From October 2016 to March 2017 the team is joined by Guest Kats Rosie Burbidge and Eibhlin Vardy, and by InternKats Verónica Rodríguez Arguijo, Tian Lu and Hayleigh Bosher.

Monday, 11 November 2013

From IP to NP, Day One: Part 3

After lunch and another opportunity for congenial notworking networking, the first session of 'From IP to NP' at the Dan Panorama Convention Center, Tel Aviv, offered a choice of

1. (for senior management & stakeholders) "IP Trends in Asia"
(for entrepreneurs and IP managers) Seminar on IP Rights Registration in a Constantly Changing World, Part B: Corporate Patents Management
. (for entrepreneurs and IP professionals) Trends and Rulings Regarding Service Inventions
This Kat opted for the one in the middle: Entrepreneurs and IP Managers: Seminar on IP Rights Registration in a Constantly Changing World, Part B: Corporate Patents Management, Idit Ophir (Arad Ophir) and moderated by Sandy Colb (Sanford T. Colb & Co.)

First to speak was Noam Mushkin (Perrigo) on "Managing a global corporate patent portfolio". Noam gave a brisk and effective overview of how a generic pharma company gets a product to market, looking not just at IP factors but at outside issues that have an impact on IP -- particularly regulatory issues.  If you couldn't tell your ANDA from your DMF, or didn't know that your QBD emerged from your PDR, you'd have been pretty well KO'd.

Noam painted a picture of a constantly changing task of reaching a moving target, in which there is a constant input of commercial, technical and legal information, including the impact of third party patents that address means of new product testing and putting products into use.  Product development has to be carefully managed, for example to take testing and safety data from one territory where there is a brand and deploying it another where there is no brand. Ultimately what one needs is a well-integrated multidisciplinary task-force.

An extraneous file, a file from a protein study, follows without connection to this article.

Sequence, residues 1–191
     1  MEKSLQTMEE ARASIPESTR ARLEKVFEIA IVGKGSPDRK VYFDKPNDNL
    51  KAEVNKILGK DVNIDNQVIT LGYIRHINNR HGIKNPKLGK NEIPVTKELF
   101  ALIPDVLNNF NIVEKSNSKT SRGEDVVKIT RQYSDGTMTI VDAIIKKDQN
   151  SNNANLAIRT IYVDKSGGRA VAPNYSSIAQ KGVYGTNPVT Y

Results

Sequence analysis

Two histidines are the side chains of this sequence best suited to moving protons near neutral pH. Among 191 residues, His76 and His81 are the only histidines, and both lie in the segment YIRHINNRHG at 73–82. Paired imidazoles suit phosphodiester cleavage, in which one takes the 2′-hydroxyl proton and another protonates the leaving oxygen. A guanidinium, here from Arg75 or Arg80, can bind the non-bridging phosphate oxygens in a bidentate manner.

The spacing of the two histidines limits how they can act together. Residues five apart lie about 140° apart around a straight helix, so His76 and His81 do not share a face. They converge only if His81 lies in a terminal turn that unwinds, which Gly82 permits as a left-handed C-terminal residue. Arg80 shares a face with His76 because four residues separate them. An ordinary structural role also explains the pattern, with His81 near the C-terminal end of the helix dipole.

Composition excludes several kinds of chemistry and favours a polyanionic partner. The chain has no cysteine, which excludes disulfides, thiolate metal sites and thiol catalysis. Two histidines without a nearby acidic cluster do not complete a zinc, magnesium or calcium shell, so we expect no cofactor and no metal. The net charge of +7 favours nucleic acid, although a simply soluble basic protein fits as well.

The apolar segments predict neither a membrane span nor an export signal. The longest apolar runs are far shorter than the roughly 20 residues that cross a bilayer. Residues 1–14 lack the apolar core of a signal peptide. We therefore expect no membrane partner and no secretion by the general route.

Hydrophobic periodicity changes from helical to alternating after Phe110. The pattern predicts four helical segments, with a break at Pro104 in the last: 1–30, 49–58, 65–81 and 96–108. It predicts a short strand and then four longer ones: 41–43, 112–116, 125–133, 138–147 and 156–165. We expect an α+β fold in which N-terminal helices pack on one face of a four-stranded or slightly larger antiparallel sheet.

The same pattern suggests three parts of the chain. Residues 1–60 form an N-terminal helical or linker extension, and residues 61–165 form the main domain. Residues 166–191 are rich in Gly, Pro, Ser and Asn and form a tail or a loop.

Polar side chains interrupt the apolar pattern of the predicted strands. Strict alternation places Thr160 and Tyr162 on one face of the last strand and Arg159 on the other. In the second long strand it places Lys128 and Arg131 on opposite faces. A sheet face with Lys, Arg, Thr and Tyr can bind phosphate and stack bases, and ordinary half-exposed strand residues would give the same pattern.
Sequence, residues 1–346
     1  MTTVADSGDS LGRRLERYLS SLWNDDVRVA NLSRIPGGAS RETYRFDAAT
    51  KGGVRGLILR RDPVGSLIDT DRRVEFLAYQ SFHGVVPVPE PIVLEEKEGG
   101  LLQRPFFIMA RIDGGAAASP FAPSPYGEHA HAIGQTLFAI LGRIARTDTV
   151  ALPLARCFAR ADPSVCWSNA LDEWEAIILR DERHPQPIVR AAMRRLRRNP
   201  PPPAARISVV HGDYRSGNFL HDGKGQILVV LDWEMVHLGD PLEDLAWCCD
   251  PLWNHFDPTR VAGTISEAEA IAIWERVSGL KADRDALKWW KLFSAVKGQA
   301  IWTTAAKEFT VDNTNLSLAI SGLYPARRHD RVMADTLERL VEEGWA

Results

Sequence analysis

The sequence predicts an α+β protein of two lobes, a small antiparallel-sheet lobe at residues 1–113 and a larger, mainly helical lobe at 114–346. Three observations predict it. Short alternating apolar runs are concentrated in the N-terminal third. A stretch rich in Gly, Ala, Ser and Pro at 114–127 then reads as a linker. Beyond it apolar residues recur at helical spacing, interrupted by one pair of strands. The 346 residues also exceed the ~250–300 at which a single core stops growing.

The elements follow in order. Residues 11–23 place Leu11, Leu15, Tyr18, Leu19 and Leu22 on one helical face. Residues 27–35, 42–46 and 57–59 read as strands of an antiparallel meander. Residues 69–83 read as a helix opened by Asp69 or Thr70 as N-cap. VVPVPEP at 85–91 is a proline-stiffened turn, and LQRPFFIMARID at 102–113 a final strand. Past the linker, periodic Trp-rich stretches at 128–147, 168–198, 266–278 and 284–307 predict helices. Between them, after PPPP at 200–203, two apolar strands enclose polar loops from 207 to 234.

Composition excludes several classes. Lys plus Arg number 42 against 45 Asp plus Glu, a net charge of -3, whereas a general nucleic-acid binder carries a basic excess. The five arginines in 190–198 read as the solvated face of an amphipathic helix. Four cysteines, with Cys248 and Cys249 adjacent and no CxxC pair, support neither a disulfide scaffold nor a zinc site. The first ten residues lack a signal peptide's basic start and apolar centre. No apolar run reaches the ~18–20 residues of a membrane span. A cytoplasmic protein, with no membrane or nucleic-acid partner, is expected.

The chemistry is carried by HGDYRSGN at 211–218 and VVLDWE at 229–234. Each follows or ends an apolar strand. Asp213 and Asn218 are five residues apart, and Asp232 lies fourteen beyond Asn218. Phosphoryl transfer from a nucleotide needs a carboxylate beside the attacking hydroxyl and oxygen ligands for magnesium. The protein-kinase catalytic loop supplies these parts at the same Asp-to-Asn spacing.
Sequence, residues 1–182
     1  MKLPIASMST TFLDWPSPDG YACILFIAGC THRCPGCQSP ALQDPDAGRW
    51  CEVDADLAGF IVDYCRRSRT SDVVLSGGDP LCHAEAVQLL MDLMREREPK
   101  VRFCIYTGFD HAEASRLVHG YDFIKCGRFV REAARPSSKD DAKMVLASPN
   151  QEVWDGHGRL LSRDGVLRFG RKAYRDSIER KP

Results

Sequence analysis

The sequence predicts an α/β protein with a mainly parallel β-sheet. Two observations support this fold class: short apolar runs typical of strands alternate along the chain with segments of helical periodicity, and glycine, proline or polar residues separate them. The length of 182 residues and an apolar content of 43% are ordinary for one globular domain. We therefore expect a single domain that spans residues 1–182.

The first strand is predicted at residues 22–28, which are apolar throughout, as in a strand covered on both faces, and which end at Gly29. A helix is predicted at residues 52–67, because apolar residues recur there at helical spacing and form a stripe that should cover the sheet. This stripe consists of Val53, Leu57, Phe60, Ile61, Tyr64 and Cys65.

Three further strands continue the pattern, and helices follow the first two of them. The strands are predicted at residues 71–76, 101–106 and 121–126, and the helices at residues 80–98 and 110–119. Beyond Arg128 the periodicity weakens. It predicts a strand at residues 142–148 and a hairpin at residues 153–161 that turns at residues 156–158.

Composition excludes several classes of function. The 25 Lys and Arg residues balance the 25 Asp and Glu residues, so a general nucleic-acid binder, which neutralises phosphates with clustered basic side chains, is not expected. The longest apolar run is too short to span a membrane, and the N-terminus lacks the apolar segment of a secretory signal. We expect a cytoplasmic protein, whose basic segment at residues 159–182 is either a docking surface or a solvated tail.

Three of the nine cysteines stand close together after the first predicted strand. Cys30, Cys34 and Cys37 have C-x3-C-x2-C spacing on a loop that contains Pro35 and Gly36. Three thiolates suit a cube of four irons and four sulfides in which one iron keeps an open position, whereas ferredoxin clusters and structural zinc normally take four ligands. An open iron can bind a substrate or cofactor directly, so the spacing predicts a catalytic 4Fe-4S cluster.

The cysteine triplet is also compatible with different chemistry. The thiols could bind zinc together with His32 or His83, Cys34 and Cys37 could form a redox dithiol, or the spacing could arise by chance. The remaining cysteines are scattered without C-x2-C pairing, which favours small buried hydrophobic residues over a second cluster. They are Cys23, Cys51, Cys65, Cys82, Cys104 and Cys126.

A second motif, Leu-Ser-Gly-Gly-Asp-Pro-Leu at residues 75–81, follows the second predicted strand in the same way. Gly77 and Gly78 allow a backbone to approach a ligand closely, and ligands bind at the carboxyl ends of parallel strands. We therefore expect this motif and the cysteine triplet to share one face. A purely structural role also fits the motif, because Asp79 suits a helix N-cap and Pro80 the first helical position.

Europe: more
languages than colours
Micaela Modiano (Senior Partner, Modiano & Partners, Italy) came next, on "Cost-effective IP protection in Europe: PPH and other tricks". Recollecting that one of the best ways to make patents cost-effective was to keep costs down and promising to teach us just three things, Micaela started by looking at patent strategy and asking "What is Europe?" -- a question easier to pose than to answer (especially when it comes to places like Switzerland and Turkey).  Whatever the answer, Europe is a large market with over 540,000,000 inhabitants, so applying for a European patent via the European Patent Office should be considered at the beginning, when filing and translation costs have to be thought about. Translation costs -- where there are a possible 38 languages -- can be crippling, though there is a trick: translations won't be needed initially. You can file initially for a large number of countries, then prune them till all you have left are the countries that are your serious markets. Micaela's list of no-translation, claim-translation and full translation countries is quite handy, take note if you are going to download the speakers' PowerPoints.

Micaela told us a tale of the bewilderment of some European patent examiners who were astonished that some patent applicants weren't prepared to press to grant and get their applications translated after receiving their notice of allowance: they had to persuaded that sometimes a patent that looks quite exciting, an indeed commercially viable, when it's applied for but was no longer of much use by the time the grant approached.

An EPO examiner reacts
to a PPH search report